Jury Duty

The live action version of How the Grinch Stole Christmas is, in my opinion, far inferior to the original cartoon. But there’s a great scene in which the Grinch is messing things up in the post office. Among other things, he flings mail into the cubbyholes, all the while chanting, “Jury duty, jury duty, jury duty, blackmail, pink slip, eviction notice….” Is jury duty really that awful? And how does it work?

The idea behind jury duty is that people are entitled to a jury representing a cross-section of the community. We don’t have to have that sort of jury. When juries were used in 12th century England, they were composed of men who already knew something about the offense, by either being witnesses or having investigated the case. More recently, some people have proposed that we ought to have professional juries, especially in cases involving technical or scientific evidence that laypeople would have trouble grasping. But what we do instead is attempt to randomly choose members of the community to serve.

Jury selection processes vary by jurisdiction in the United States (big shock there, right?). Generally the jury commissioner (usually a county job) uses voting and drivers license registration records to compile a list of eligible people. This means certain groups will be underrepresented, especially the poor who may not have licenses, may not be registered voters, or may not have a permanent address. The commissioner estimates how many jurors will be needed in a particular time period, randomly chooses from the list, and sends those lucky people a jury summons.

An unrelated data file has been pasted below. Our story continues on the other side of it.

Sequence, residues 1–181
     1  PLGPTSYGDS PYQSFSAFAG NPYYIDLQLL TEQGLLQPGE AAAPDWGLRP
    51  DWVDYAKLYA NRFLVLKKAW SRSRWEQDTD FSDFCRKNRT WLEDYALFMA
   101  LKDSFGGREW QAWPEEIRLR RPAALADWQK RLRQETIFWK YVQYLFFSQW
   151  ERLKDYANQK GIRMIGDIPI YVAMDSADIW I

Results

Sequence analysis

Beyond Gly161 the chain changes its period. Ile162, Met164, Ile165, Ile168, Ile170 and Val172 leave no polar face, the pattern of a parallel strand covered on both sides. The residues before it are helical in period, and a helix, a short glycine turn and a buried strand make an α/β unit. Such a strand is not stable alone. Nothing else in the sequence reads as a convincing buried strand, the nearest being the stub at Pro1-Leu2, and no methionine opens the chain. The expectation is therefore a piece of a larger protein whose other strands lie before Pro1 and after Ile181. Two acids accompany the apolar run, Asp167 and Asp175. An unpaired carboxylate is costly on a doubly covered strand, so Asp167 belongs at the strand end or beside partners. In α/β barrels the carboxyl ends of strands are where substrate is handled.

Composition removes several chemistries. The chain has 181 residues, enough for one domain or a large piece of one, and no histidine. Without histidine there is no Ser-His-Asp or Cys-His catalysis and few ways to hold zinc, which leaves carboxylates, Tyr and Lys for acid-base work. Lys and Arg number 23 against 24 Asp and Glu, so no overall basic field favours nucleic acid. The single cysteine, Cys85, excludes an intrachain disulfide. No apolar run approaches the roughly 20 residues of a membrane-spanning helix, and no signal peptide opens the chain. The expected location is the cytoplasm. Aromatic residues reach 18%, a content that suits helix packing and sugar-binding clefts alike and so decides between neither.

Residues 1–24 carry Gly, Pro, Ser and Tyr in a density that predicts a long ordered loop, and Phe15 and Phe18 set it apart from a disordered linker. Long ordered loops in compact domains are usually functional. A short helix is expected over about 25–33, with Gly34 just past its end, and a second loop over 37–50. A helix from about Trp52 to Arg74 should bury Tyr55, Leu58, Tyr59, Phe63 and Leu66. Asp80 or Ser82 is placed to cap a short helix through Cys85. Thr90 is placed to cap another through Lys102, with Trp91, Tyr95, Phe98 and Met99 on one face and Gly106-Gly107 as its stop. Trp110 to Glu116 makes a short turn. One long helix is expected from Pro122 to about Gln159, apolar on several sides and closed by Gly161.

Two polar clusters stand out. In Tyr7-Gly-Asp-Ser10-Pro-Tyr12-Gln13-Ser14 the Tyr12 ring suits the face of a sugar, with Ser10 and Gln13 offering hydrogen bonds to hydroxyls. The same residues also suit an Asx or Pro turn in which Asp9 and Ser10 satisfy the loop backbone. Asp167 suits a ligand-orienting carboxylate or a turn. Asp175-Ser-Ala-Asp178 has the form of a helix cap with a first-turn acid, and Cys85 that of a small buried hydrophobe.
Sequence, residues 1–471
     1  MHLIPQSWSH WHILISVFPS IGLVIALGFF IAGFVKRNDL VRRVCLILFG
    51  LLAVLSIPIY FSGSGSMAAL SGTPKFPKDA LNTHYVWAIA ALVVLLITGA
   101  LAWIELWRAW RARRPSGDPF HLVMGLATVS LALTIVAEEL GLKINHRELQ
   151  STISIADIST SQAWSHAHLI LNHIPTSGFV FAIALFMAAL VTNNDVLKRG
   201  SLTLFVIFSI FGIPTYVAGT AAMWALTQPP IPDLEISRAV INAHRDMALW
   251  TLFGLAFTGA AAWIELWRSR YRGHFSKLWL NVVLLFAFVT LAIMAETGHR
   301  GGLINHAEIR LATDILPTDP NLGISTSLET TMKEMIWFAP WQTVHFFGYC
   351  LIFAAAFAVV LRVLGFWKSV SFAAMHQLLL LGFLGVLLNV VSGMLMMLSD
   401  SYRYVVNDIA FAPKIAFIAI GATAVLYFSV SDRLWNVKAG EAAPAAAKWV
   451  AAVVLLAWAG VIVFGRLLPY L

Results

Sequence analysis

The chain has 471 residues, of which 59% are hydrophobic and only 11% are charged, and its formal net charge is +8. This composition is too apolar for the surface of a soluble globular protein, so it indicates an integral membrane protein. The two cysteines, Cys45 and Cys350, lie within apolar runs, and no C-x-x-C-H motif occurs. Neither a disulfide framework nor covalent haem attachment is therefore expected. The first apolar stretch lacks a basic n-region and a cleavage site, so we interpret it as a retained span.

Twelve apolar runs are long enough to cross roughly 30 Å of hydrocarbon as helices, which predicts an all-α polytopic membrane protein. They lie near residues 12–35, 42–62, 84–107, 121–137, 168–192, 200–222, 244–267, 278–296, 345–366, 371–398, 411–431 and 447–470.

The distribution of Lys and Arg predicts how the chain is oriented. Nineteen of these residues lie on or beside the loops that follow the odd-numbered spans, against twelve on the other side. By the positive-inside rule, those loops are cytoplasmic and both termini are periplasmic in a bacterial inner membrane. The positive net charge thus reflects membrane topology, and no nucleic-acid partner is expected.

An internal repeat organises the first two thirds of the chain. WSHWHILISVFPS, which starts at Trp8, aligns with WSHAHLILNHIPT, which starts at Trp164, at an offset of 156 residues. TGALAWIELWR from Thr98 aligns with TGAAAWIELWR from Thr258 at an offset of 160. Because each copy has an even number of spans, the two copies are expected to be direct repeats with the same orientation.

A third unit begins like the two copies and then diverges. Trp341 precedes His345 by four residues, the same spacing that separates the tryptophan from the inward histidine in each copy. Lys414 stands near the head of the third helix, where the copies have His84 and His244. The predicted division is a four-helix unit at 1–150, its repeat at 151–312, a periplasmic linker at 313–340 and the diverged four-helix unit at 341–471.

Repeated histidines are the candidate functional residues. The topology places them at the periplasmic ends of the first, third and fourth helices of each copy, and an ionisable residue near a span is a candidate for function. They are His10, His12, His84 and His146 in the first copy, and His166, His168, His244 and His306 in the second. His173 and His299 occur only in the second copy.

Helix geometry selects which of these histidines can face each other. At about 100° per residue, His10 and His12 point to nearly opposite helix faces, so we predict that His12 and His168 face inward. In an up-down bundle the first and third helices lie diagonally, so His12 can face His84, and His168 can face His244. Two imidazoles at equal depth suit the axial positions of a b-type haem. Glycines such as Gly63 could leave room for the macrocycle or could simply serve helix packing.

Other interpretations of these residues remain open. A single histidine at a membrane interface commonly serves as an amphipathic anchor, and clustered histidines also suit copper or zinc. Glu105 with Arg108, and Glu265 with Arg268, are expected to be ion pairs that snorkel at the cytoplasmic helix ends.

The length of jury service varies. Where I live now, the rule is one day or one case–you get called in, and if you end up on a case that day, there you go. But if you don’t, your jury service is (usually) complete at the end of the day. There are exceptions to that rule, however. The last time I was called, jury selection in one particular case took two days, so we all sat there for that long. The first time I had jury duty, in Oregon, I had to serve for two weeks. During that span, some people served on more than one jury, while some of us didn’t end up on any. But we all sat there for two weeks.

As the Grinch knew, most people aren’t happy about getting that summons. If you ignore it, though, you can be found in contempt of court. Also, employers are required to give employees time off for jury service–but they’re not required to pay them. Serving can mean a real hardship for some people. Many jurisdictions allow those who’ve been summoned to ask for a reschedule. Another option is to go to court and try to convince the judge to let you off the hook. Judges vary in how lenient they are about this.

The group of people who have jury duty at any one particular time are called the jury pool or venire. I’ll post another time about how we get from that large group to the twelve (or so) specific people needed in a particular case.

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